My mom (somewhat embarrassingly) made my lunch for me almost every day through my senior year of high school, (I was not a morning person, and therefore did not make my own lunch.) but kids are never too old to need good nutrition throughout the day. I know I owe my mom a great debt for keeping me fueled through school and all my extra curricular activities. I’m sure I performed much better in life having a healthy lunch in my tummy. You are what you eat, so make sure your kids are healthy, pure, and nutritionally satisfied!

Good Luck, Moms!

Mom’s Tuna Fish Sandwich:

Sprouted Whole Grain Bread

1 Can White Albacore Tuna Fish (low mercury)

2 Tbsp  Mayonnaise

(Go for the real deal, or buy safflower based Mayo. Stay away from canola and soy oil based! They are most likely GMO!)

2 Tbsp Chopped Organic Celery

1 Tbsp Diced Organic Red Onion

1 Tbsp Fresh Chopped Organic Parsley

Sea Salt, Pepper, and Herbamare to taste!

Note: Now that I’m a big girl, I also like to add a bit of Dijon Mustard to the mix with some lettuce or cucumbers on top, and if you’re making it at home, it’s awesome to do an open face tuna melt with raw milk cheese in the toaster oven! Yum!

I’m so sorry I’ve been away from the blog for so long! Life has gotten a tad bit crazy with the start of Fall just on the horizon! So, I’m going to take a moment to breathe and go back to my amazing foodcation because I promised M. I would write about oysters!

I only started eating oysters over the past two years or so when I started dating my boyfriend. While he doesn’t like the slippery little buggers, his parents love oysters and his sister works at Hank’s Oyster Bar in Alexandria, VA, so family dinner equals oysters quite frequently.

While staying at the beach, the girls and I went out for oysters. Being M.’s first time eating oysters, we proceeded to order oysters in all formats– raw, broiled, and shooters. Well, she loved them, and we put away a good number of those guys!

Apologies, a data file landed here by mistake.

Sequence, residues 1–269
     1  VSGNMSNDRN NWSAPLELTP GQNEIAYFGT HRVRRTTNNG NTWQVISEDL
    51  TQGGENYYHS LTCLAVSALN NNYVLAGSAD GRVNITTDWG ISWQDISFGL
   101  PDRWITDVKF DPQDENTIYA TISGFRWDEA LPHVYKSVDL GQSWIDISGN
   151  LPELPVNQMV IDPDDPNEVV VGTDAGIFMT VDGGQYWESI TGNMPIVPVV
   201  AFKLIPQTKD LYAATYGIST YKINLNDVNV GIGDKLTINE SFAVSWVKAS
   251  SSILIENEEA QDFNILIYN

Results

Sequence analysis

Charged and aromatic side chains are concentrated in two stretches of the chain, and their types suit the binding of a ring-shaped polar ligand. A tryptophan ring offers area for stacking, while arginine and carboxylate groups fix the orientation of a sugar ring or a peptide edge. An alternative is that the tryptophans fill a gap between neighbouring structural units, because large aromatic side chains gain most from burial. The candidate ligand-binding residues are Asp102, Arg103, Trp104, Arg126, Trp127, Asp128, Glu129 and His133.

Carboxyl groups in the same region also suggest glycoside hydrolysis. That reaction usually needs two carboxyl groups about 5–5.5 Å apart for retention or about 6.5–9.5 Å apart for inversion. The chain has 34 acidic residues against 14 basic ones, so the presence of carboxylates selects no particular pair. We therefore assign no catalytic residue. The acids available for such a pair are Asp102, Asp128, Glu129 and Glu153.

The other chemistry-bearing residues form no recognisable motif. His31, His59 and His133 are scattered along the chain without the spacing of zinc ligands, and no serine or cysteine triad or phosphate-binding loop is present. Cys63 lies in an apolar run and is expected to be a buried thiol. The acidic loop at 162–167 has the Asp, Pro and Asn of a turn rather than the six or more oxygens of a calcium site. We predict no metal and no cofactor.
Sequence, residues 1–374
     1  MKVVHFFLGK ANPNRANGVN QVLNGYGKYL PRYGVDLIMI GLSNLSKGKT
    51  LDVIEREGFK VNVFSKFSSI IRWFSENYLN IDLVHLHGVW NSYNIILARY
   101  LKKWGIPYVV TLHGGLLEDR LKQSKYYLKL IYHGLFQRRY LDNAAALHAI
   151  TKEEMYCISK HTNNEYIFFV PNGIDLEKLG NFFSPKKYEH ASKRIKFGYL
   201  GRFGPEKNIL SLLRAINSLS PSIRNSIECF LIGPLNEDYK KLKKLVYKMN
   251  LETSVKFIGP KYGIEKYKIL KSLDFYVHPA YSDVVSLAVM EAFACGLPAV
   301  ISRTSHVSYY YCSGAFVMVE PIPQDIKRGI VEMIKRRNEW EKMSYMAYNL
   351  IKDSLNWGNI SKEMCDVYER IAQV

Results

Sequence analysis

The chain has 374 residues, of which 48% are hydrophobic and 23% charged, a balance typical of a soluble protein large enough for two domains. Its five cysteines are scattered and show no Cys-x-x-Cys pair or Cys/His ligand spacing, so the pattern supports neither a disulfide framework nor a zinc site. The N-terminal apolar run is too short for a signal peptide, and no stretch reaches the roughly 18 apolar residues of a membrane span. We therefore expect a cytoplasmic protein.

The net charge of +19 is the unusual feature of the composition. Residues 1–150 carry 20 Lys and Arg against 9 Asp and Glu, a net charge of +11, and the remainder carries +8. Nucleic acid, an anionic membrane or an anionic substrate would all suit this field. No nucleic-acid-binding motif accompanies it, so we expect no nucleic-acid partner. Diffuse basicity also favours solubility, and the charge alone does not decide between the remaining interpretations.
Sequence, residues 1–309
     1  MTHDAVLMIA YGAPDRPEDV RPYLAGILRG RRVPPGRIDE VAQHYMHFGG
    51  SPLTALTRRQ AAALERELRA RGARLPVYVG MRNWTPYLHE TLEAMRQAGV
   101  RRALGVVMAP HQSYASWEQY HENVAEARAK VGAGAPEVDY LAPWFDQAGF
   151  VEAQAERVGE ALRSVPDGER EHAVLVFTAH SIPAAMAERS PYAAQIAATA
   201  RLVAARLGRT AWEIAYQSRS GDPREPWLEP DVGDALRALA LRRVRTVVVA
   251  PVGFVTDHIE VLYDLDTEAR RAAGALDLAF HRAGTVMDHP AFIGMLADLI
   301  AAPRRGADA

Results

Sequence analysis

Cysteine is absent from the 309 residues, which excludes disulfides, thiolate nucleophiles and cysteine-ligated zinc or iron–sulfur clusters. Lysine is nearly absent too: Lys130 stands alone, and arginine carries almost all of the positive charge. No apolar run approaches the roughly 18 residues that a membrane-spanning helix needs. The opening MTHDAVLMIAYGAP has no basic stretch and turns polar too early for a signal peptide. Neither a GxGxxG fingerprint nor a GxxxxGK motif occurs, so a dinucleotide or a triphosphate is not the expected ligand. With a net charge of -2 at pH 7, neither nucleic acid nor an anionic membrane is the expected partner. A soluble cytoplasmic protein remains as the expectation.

Oysters are an excellent source of vitamins A, B1 (thiamin) B2(riboflavin), B3 (niacin), C (ascorbic acid), and D (calciferol). Four or five medium size oysters supplies the recommended daily allowance of iron, copper, iodine, magnesium, calcium, zinc, manganese and phosphorus. Everyone should be eating more oysters because so many of us are mineral deficient! Oysters are great for eye health, getting rid of the white spots on your nails, and keeping your hair and skin healthy along with a  of benefits.

While I generally recommend eating wild caught seafood, I support eating farm raised oysters. Almost 85% of natural occurring oyster reefs have been destroyed due to crabs and other invasive aquatic life. Plus, oysters and other shellfish are filters, and getting them from a source with clean water is a must!

Bon Appetit!


Me and the girls at the oyster bar!



The foodcation of champions continues! After frolicking the dogs on the beach this morning, we came home to craft an impeccable meal.

Returning home we decided to make sprouted bagels with raw cultured butter and avocado (yay, fats of all kinds!), omelets with local pastured eggs (from yesterday’s farmer’s market), organic tomatoes (also from the market), avocado, onions, and raw cheese cooked in raw butter. Not to mention, topped with sea salt!

Because every meal, including breakfast, should be finished with a little something sweet, I made an oven pancake with organic blueberries and peaches (from yesterday’s farmer’s market), pastured eggs (from the market, too!), sprouted flour, raw milk and butter!

Oven Pancake


1 tablespoon butter (preferably raw cultured butter)

1/2 cup milk (preferably raw whole milk)

1/2 cup flour (preferably sprouted whole grain or I use almond for gluten-free)

2 eggs (pastured, free range)

1 organic peach*

1/2 cup organic blueberries*

cinnamon to taste*

raw cane sugar to taste*

Put it Together:

Step 1. Preheat oven to 475 degrees Fahrenheit

Step 2. In a bowl, combine milk, flour, and eggs. Mix well.

Step 3. Slice peaches and rinse blueberries.

Step 4. Butter and arrange peach slices and blueberries in pie dish.

Step 5. Pour mixture over fruit in pie pan.

Step 6. Sprinkle cinnamon, sugar, and small pieces of butter on top.

Step 7. Bake in oven for 20-25 minutes or until top and bottom are brown.

*Note: Fruits and spices may be substituted for savory ingredients and butter topping substituted for cheese (fat on top guarantees a good brown top).